The theater and film festival office are at 2030 W. State Route 89A in West Sedona. Visit for more information.

  • October 14th, 2017
  • Mary D. Fisher Theatre
  • 2030 W AZ-89A, Sedona, AZ 86336

Enjoy an evening of romantic dancing or just listening to beautiful songs with Music by the Classics at Sound Bites Grill in Uptown on Sunday, Oct. 15, from 6 to 9 p.m.

This new band features Jeanie Carroll, Eric Williams, Steve Douglas and George Bein. Bring dancing shoes, as the combo plays very danceable music. A variety of Latin and up-tempo songs will be played, as well. Favorites include “When I Fall in Love,” My Funny Valentine,” “Moon River,” “Over the Rainbow” and “Besame Mucho.”

Music by the Classics features vocalist Carroll, a music educator and professional singer. She also performs with Red RockAppella, Sentimental Journey and the Flagstaff Master Chorale, with whom she traveled to Turkey and Bulgaria. She has appeared in several Flagstaff Light Opera Company productions, in “Cabaret” and “Sounds Like Sinatra” for Theatrikos and in several productions with Red Earth Theatre. She has a degree in French and has lived and performed in France, England, and all over Europe, Australia and New Zealand.

Williams will be playing keyboard. He will also be doing some vocals and performing some duets with Carroll. He has been using his amazing musical talent to entertain and educate for over 30 years. Williams has performed for audiences across the U.S., United Kingdom, Mexico and the Caribbean. He has an extensive repertoire in jazz, blues, rock, country and popular songs from the 1990s through today.

Playing bass is Douglas. He is driven, dedicated and passionate about the arts and youth jazz education. He has been performing in Northern Arizona for many years.

Rounding out the combo is the drummer Bein. He started playing drums in high school, and also played in various dance bands in college. However, his career took a non-music path and he received a Ph.D. in electrophysics. But he was happy to get back into music by joining the percussion section of the Cottonwood Community Band two years ago. Bein said he is pleased to have created and be a part of Music by the Classics.

The Classics will perform from 6 to 9 p.m. with no cover. Call 282-2713 or visit for more information or reservations.

Sound Bites Grill is at the Hyatt Pinon Pointe Shops in Uptown. Hours of operation are 11:30 a.m. to 9 p.m. daily, and Friday and Saturday until 10 p.m. Lunch and dinner are served daily; happy hour is from 4 to
6 p.m.

  • October 14th, 2017
  • Sound Bites Grill
  • Hyatt Pinon Pointe Shops, Uptown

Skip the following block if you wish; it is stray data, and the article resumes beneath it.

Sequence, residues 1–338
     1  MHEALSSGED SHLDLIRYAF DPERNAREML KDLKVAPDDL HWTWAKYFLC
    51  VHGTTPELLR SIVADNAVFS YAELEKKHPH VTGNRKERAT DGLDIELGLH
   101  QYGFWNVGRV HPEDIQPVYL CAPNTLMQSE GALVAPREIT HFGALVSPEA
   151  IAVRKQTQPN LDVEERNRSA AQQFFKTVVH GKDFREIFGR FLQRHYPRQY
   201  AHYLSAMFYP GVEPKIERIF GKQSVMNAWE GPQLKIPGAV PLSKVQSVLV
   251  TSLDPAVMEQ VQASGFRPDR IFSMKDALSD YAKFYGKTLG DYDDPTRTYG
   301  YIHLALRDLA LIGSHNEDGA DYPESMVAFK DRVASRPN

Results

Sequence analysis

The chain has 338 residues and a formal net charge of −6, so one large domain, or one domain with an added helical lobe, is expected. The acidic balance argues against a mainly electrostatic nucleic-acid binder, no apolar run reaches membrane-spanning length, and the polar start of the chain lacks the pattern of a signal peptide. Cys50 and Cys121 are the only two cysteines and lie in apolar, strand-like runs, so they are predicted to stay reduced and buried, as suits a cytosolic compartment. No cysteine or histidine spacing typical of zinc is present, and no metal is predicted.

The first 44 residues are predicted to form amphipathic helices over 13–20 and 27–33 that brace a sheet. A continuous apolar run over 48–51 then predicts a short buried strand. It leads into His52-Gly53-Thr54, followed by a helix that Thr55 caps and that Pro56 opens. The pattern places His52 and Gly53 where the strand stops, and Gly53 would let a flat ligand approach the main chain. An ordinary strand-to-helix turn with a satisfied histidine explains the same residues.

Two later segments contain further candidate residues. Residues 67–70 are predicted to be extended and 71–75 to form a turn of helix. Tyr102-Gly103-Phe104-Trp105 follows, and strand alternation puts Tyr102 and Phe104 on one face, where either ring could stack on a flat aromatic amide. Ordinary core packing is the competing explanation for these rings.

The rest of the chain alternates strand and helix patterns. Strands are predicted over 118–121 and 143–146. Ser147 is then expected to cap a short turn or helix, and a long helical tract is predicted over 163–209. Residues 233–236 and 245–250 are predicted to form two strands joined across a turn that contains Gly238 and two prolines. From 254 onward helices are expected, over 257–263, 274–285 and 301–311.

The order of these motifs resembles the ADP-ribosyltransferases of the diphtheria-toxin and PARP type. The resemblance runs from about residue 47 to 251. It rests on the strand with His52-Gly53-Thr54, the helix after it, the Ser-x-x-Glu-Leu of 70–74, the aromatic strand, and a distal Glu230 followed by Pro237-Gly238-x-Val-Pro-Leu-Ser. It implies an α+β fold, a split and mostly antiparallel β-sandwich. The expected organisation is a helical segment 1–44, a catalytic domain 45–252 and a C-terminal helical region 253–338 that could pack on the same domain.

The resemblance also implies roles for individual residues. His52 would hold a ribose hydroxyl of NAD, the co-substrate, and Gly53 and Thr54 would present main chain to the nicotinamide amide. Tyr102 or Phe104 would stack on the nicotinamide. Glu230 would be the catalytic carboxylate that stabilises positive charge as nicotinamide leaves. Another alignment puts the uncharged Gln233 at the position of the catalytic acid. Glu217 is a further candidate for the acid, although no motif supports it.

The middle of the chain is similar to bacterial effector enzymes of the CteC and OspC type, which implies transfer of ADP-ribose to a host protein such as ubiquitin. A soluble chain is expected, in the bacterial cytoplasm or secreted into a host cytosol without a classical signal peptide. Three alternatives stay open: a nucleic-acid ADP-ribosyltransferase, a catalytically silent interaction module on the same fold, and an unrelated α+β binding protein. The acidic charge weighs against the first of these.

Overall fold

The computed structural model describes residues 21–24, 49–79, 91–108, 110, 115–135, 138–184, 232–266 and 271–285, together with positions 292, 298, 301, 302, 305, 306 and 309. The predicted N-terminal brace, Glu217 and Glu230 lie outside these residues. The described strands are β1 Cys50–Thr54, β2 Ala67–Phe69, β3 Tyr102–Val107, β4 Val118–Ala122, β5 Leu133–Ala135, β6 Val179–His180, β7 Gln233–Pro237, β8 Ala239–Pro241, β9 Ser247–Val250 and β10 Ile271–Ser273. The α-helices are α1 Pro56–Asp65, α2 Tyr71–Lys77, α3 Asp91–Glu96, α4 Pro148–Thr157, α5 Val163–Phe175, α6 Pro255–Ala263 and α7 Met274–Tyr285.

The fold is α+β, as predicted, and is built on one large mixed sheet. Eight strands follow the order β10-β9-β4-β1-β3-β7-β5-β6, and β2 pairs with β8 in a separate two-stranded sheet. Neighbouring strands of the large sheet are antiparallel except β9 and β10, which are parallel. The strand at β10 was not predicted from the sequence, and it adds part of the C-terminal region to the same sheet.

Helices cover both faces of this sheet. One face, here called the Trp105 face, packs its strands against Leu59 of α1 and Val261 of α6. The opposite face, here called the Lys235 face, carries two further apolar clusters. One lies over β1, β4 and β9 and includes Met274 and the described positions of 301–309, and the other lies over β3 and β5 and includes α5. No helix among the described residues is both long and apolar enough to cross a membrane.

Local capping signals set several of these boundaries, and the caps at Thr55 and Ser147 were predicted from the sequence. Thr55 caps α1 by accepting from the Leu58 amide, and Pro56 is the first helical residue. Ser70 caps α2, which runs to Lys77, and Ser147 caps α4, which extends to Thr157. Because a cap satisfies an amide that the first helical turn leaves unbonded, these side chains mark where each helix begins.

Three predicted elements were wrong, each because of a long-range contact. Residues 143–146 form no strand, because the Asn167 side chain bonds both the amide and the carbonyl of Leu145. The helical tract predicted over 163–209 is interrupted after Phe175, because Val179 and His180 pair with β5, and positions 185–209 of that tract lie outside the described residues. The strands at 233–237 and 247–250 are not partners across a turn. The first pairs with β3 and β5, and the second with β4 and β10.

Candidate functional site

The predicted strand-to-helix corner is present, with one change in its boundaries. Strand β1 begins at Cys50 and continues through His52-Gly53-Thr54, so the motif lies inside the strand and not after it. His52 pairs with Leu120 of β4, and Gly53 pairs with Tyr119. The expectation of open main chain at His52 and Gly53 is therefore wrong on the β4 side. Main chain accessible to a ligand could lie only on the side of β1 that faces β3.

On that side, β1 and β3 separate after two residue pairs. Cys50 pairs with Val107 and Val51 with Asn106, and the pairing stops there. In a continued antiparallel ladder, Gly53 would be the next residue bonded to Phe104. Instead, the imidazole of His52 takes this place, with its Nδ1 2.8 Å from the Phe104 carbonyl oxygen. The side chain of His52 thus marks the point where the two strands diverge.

The Sedona International Film Festival presents the Exhibition on Screen series with “Girl With A Pearl Earring” and other treasures from the Mauritshuis in The Hague. The event will show in Sedona on Monday, Oct. 16, at 4 and 7 p.m. at the festival’s Mary D. Fisher Theatre.

The festival is the official host of the series, joining hundreds of theaters around the globe for this special exhibition on screen. Cinema guests can now enjoy unprecedented high-definition access into the lives of renowned artists, their art and the fabulous museums and galleries that are the custodians of such masterpieces.

After two years on a blockbuster world tour, “Girl With A Pearl Earring” has returned home to the much-loved Mauritshuis gallery in The Hague, which has just completed extensive renovations. With huge queues lining up for a glimpse of her enigmatic beauty and nearly 1.2 million visitors at its stop in Japan, the enduring appeal of this masterpiece is indisputable.

In “Girl With A Pearl Earring” — and other treasures from the Mauritshuis in The Hague — the camera offers an exclusive view of world-renowned Mauritshuis Museum, going behind the scenes to look at the extraordinary “Girl With A Pearl Earring.”

The beautifully filmed documentary goes in pursuit of the many unresolved riddles surrounding the extraordinary painting and its mysterious creator Johannes Vermeer. Who was this girl? Why and how was it painted? Why is it so revered?

The film seeks to answer these questions that have haunted art lovers for decades. Many of the clues that the film finds lie in other masterpieces housed in the collection.

Vermeer is one of the great Dutch masters and his “Girl With A Pearl Earring” from 1665 is one of the most enduring paintings in the history of art. He was the master of light, a talent that is beautifully depicted in “Girl With A Pearl Earring” in the softness of the girl’s face, the glimmers of light that touch her lips and, of course, the shining pearl.

Following two years of extensive renovations, the Mauritshuis in The Hague was reopened by King Willem-Alexander in June 2014. A bright and spacious new underground foyer connects the Royal Dutch Shell Wing to the historical 17th century building that has been thoroughly renovated and embellished. The world art critics gave a unanimous five-star review to this wonderfully refreshed venue.

The Mauritshuis displays a collection of world-famous paintings by Dutch and Flemish masters from the Golden Age. Masterpieces such as “The Anatomy Lesson of Dr. Nicolaes Tulp” by Rembrandt Harmenszoon van Rijn, “The Goldfinch” by Carel Fabritius, “The Bull” by Paulus Potter and of course Vermeer’s “Girl With A Pearl Earring” are on permanent display in the intimate rooms of this majestic 17th century house.

Cinema audiences will enjoy unparalleled access to what some call the jewel of Northern Europe’s museums and detailed, fascinating, illuminating insight into an extraordinary work.

“Girl With A Pearl Earring” will be shown at the Mary D. Fisher Theatre on Monday, Oct. 16, at 4 and 7 p.m. Tickets are $15 or $12.50 for Film Festival members. Tickets are available in advance at the Sedona International Film Festival office, by calling 282-1177 or online at The theater and film festival office are at 2030 W. State Route 89A in West Sedona.

  • October 15th, 2017
  • Mary D. Fisher Theatre
  • 2030 W AZ-89A, Sedona, AZ 86336